Have you ever heard of post-traumatic stress disorder?

It’s a very serious matter which affects a great number of military veterans. It can be difficult to understand this disorder, and even more difficult to get treatment. You may be suffering from PTSD yourself or you may simply want to support a loved one who has PTSD. Either way, this guide is for you.

Read on to discover everything you need to know about PTSD in veterans, and how you can get help.

What Exactly is PTSD in Veterans?

ptsd veterans

Post-Traumatic Stress Disorder (PTSD) is a psychiatric disorder. It manifests in those who have experienced hyper-traumatic events.

These include military combat, assault (sexual or otherwise), and natural disasters.Events like tornadoes, floods, earthquakes, and terrorist attacks which cause major physical and/or life-threatening damage may all be causes for PTSD.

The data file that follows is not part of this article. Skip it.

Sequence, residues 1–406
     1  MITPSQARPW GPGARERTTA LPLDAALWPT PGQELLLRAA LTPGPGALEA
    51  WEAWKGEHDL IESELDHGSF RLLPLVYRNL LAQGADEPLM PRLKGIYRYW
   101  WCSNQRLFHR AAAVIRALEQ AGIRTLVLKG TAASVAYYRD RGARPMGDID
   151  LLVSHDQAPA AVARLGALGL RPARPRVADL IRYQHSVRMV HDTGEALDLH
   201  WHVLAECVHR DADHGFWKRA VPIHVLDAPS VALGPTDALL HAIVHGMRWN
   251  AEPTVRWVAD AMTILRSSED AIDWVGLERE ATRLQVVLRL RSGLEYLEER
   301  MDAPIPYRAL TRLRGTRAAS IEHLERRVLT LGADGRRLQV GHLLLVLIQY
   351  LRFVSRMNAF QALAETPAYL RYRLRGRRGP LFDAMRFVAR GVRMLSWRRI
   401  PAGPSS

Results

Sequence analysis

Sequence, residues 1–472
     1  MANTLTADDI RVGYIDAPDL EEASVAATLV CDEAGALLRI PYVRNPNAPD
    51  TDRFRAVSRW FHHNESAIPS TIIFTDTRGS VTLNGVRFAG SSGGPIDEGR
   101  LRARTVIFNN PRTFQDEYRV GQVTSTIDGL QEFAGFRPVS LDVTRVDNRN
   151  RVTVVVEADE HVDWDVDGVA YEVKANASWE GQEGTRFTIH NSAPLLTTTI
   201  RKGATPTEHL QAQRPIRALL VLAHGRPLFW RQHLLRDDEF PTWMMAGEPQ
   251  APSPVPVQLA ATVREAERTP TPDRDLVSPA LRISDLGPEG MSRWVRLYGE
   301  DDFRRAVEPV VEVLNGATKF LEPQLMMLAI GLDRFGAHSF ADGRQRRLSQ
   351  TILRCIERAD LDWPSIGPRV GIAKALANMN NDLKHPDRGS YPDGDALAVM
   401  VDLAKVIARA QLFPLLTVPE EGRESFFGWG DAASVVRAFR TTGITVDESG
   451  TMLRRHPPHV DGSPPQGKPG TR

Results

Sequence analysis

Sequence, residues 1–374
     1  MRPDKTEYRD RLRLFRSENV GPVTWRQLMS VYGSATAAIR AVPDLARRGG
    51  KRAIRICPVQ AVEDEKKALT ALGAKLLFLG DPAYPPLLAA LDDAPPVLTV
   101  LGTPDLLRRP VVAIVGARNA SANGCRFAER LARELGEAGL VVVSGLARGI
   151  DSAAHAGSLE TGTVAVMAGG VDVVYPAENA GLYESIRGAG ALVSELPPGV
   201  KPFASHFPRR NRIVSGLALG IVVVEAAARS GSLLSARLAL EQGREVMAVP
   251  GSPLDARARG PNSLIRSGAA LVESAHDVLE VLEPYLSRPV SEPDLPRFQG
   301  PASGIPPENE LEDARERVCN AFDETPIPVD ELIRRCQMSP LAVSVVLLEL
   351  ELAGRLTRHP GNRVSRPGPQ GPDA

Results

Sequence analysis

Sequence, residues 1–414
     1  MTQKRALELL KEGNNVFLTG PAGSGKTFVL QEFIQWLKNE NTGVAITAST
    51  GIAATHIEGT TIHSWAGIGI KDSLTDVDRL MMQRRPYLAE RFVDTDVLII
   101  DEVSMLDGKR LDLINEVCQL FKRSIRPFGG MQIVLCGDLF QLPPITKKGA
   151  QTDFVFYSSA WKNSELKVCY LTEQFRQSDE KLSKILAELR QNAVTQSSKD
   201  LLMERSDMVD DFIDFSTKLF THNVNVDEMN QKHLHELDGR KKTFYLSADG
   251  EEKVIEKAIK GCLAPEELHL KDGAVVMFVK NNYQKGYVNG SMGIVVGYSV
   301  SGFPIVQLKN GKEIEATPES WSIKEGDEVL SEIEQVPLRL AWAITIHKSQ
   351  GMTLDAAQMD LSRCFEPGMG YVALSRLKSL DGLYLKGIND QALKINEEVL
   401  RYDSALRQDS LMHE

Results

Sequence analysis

In veterans, PTSD is generally caused by horrific wartime experiences. It has long been known that going into battle (or even being stationed in a war zone) can be traumatic.Though we haven’t always called the disorder PTSD, it was first diagnosed in veterans.It was initially referred to as “shell shock”, then war neuroses.

Over the years, the problem has become more prevalent. This not necessarily because it is growing, but because we as a society have become more open and aware of it.

In a 2012 study by the Department of Veterans Affairs, it was revealed that some 30 percent of those veterans returning from Iraq and Afghanistan were suffering from PTSD.